Gavdos is the most southerly Greek island, located to the south of its much bigger neighbour, Crete, of which it is administratively a part. It is also the most southerly point of Europe.
The island is 26 nautical miles south of Hora Sfakion and is 27 sq km in area. There is only a small number of year-round residents and services for tourists are basic. The harbour for irregular ferries is Karave, the island's capital is Kastri.
Potamos, Gavdos, STIGMES, the magazine of Crete http://stigmes.gr/
Gavdos has supported a permanent population since Neolithic times; nowadays, however, the island has very few people. The place has seen many uses in the different times it has inspired interest. In Ancient Greece Gavdos was the site of the mythical Ogygia where Kalypso held Odysseus prisoner. Archaeological evidence showed that the Roman empire was active on the island. During this time the flora of the island was overexploited, this started a process of erosion which continued to this very day.
Later, at the time of the Byzantine Empire, the island had some 8,000 inhabitants (900-1000 AD) and supported 3 bishops and an archbishop. During the Turkish Empire's reign on the island, which lasted from 1665 up until 1895, Gavdos was known as Gondzo. During this period the population decreased considerably to only 500 inhabitants by 1882. Gavdos was also known to Saracens; one of the beaches is named Sarakiniko (of the Saracens), as it is believed that Saracens had a hideout there.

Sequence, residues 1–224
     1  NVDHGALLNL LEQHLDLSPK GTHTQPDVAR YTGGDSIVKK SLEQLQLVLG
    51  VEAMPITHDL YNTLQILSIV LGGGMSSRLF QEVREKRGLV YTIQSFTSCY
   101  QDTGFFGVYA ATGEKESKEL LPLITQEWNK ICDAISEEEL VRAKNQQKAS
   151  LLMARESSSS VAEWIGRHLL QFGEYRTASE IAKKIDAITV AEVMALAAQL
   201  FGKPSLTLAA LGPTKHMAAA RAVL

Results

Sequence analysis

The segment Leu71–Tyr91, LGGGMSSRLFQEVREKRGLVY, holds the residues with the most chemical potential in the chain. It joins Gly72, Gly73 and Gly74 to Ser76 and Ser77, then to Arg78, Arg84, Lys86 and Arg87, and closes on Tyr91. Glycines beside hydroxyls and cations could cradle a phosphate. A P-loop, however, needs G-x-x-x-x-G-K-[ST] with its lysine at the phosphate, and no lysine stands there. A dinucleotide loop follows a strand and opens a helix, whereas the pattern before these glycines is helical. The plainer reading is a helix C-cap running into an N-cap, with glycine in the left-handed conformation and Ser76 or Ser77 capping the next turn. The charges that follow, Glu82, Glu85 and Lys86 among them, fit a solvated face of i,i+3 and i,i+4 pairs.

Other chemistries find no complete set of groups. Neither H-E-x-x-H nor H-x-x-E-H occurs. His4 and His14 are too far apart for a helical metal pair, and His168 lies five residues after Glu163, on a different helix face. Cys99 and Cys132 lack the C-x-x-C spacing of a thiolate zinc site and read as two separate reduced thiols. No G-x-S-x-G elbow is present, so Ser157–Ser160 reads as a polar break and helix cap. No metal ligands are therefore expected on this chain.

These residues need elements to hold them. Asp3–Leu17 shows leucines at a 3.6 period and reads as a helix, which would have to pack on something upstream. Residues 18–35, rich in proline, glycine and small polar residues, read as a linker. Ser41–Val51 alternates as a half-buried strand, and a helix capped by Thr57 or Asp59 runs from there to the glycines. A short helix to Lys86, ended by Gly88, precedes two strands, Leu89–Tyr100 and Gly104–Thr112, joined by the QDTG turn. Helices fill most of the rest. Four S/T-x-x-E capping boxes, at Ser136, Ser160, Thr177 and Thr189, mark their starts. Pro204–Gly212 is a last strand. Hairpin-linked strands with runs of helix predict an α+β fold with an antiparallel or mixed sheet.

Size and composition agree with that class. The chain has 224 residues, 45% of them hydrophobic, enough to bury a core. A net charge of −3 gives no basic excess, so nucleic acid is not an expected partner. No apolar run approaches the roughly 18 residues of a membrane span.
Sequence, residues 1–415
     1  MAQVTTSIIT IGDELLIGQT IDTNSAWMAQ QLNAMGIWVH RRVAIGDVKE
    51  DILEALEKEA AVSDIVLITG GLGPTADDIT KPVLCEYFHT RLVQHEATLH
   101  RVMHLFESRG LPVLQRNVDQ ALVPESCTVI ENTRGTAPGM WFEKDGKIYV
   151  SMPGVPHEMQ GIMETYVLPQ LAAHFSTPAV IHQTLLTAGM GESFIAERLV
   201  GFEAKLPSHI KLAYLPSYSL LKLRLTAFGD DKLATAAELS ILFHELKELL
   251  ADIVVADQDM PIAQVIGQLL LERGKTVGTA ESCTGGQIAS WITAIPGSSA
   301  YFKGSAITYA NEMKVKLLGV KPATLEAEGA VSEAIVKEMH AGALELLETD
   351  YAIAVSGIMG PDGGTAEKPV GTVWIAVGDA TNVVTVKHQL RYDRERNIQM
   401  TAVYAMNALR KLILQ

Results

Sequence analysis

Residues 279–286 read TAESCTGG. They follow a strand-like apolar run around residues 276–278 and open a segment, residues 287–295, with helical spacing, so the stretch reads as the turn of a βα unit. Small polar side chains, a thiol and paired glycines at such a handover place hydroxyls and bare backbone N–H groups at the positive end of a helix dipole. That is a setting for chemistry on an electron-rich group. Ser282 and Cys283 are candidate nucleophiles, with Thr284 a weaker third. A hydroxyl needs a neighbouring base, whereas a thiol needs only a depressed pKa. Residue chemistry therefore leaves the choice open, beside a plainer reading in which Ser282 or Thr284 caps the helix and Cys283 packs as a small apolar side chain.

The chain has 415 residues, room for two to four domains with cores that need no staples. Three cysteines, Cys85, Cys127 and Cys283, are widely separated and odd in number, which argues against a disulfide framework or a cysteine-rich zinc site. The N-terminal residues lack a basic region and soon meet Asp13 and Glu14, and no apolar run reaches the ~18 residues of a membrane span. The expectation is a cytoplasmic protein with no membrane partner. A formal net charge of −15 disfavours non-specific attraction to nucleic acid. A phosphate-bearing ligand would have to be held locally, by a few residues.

In the 30's the island was used as a place of exile of communists; more than 250 people were exiled including leading figures of the greek movement, such as Markos Vafiadis. Later on, the general phase of urbanization that started in other parts of Greece in the 60's, took place in the 50's on Gavdos. During that period the islanders exchanged their land on Gavdos with ex-Turkish land on Crete, which had now become exchangeable via the state. Upon settling in Crete they created a community known as Gavdiotika.
Following years of isolation, in 1996 the island came to media prominence. In a NATO exercise Gavdos was the focal point of a contestation between Greece and Turkey. Following that, the prime minister Mr. Simitis, visited Gavdos and announced a five-year, €1.5 million plan for Gavdos's development.
In 2001, Costis Stephanopoulos, the Greek President of Democracy, inaugurated a telemedicine centre on Gavdos, an island which has never had a doctor. This exercise, however, was marred as the island's infrastructure could not provide the necessary power required by the centre. For the purposes of the inauguration, generators were brought in, which were then removed.